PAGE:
2. I don’t have great walk-to lunch recommendations in that area–my suggestion would be to hop the MAX going east and get off in a few blocks at Lloyd Center Mall and find something in that area. The streets with restaurants near the mall are Broadway and Weidler.
    3. You’ll find the best food and drink on Mississippi Ave, which is just about a mile and a half north of the Convention Center. Several small, fun, locally-owned hang-outs, and shopping, too.
    4. The Water Avenue district has a lot to offer, too. It’s south of the C. Center, off of MLK Blvd, by OMSI.
    5. If you are looking for a grocery that also has lunch, grab-n-go food, etc., there is a New Seasons on Fremont and Williams, which is less than a mile north of the C. Center.

    If you are looking to get outside and experience some nature/ecology of the region, here are some ideas:
    1. If you need a run/walk, start at Steel Bridge, which is right by the Convention Center. Cross the river on the lower deck, head south along the waterfront, cross back (going east) on the Hawthorne Bridge, head north along the river until you get back to the Steel Bridge. It’s about 3 miles.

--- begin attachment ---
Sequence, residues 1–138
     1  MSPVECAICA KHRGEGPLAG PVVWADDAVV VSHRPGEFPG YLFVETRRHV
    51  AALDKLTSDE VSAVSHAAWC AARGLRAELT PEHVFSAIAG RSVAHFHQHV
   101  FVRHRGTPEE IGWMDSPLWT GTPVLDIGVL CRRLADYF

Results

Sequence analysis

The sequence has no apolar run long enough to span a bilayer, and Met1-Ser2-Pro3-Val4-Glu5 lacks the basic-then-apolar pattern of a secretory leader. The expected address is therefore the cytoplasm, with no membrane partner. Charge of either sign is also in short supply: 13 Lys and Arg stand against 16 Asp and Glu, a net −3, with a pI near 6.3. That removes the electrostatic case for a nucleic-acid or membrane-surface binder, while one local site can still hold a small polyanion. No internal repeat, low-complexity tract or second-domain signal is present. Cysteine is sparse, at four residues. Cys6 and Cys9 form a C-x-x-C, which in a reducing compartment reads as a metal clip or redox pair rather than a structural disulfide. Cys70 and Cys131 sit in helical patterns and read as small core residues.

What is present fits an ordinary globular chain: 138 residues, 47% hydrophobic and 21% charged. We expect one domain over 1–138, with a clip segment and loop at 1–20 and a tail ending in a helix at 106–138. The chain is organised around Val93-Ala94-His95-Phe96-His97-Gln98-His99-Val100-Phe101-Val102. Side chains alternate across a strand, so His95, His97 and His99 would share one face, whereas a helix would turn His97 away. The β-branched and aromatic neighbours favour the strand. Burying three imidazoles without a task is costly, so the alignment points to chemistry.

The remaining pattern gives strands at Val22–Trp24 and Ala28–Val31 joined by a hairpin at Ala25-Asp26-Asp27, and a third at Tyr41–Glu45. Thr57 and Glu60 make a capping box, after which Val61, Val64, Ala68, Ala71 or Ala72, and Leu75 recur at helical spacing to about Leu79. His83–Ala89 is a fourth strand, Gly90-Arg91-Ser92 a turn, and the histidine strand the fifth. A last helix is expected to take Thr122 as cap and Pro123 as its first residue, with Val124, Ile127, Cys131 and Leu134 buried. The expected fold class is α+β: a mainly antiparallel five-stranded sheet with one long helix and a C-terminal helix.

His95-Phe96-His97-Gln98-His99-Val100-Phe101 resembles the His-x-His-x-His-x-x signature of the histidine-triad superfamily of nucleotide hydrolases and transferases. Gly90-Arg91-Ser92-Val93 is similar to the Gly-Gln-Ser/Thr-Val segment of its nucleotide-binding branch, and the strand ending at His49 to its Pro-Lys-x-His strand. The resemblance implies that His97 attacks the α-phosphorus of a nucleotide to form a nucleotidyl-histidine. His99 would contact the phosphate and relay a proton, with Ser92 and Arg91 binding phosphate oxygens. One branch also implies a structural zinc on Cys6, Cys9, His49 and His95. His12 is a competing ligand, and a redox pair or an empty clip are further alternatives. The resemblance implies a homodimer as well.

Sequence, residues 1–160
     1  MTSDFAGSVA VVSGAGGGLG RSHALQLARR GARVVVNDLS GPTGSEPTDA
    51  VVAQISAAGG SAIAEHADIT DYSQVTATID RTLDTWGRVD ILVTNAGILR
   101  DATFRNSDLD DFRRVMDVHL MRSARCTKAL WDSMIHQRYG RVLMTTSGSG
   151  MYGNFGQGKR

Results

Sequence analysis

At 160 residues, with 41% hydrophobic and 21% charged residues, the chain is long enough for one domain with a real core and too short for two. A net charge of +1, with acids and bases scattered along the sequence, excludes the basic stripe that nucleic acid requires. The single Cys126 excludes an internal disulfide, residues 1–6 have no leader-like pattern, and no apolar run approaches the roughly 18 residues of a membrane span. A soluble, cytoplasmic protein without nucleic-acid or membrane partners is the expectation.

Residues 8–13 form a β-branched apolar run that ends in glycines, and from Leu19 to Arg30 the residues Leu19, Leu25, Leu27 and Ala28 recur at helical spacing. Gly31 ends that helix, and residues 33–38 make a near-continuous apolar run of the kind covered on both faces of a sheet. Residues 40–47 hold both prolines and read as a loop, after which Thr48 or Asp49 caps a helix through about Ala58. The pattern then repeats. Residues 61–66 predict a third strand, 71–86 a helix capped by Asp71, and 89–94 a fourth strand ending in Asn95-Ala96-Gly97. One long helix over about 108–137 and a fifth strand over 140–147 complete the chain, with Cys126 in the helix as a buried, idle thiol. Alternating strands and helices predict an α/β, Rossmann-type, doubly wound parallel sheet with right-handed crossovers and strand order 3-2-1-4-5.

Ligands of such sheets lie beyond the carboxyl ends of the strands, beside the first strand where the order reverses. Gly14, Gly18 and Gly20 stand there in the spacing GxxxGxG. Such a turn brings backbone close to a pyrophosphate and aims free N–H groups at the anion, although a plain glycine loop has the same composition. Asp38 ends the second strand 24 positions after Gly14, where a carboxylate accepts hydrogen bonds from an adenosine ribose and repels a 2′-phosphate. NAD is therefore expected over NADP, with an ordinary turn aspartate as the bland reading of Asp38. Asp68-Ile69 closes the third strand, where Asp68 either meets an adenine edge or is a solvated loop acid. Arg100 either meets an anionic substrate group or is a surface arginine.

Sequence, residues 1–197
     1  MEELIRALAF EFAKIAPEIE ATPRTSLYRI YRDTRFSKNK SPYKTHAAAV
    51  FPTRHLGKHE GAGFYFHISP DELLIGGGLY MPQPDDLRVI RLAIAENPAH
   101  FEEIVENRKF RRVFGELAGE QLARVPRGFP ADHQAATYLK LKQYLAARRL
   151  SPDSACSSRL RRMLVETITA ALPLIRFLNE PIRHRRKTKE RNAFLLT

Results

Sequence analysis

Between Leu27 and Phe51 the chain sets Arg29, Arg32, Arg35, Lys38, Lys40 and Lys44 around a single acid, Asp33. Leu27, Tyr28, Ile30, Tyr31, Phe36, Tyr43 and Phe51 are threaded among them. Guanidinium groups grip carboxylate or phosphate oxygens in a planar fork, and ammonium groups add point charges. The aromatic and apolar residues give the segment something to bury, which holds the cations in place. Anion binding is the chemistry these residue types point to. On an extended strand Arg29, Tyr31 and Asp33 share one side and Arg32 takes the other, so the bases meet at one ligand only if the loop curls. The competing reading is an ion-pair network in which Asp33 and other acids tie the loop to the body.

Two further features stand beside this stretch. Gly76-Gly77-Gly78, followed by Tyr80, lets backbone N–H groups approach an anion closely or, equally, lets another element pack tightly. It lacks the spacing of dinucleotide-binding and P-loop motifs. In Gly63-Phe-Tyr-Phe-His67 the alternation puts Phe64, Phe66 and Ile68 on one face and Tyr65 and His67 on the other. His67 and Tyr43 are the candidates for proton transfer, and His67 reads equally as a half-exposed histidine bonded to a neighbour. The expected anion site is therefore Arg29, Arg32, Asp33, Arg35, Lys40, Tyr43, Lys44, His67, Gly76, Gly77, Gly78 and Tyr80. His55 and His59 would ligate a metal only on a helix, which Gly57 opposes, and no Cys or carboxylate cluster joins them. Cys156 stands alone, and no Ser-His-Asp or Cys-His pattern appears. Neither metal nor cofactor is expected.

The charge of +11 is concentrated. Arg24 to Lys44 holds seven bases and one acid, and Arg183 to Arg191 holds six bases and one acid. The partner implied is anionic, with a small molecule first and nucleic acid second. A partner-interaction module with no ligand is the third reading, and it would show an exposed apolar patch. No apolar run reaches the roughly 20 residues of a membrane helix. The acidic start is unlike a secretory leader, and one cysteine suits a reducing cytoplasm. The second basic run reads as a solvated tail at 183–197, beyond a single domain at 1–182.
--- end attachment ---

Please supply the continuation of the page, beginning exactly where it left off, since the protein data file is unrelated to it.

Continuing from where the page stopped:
2. Forest Park, for an evening light hike…
    3. Smith and Bybee Wetlands, for an evening stroll…
    4. Fern Hill Wetlands… This site is about 45 minutes out of the city, but if you have time for a half-day trip, it is well worth it. Very interesting restoration work… It’s on the Pacific Flyway, was a municipal sewage dump, and is now being restored and then linked to similar projects north and south. I’ve planted trees out there twice now. Very special place.

    I hope this helps. I’d love to meet some of you I randomly blog with in person! Happy to lead a hike if anyone is interested.


  4. About 20 minute walk from the meeting is a spot called Taste Tickler. Great an informal lunch –
    excellent, no-frills submarine sandwiches that remind me of the early ’80s before the chains took over (some of my earliest memories!).

  5. Pingback: Molecular Ecologists at #Evol2017 —  see you in Portland! |

  6. I really enjoyed Veritable Quandry the last time we were in Portland but they’ve closed. Google tells me the chef and general manager recently opened Q Restaurant — anyone local tried it?

    • Counterpoint to one entry in that thread: Deschutes Wowzenbock is one of the best beers I’ve ever had in my life. And I’ve had a lot of beers. I’m planning to stop by Deshutes just to see if they have it (which they might not, I think it’s a seasonal).

  7. I recall someone recently asking for vegan alternatives in Portland. I am not vegan, but as luck would have it, some vegan friends took me to the Blossoming Lotus this evening (100% vegan). Fantastic- incredible really, even for a carnivore like me. I am told it is a relatively new place but has a large devoted following.

    1713 NE 15th Ave
    Portland 97212

  8. Pingback: Where to drink in Portland at #ESA2017 if you’re a beer geek | Dynamic Ecology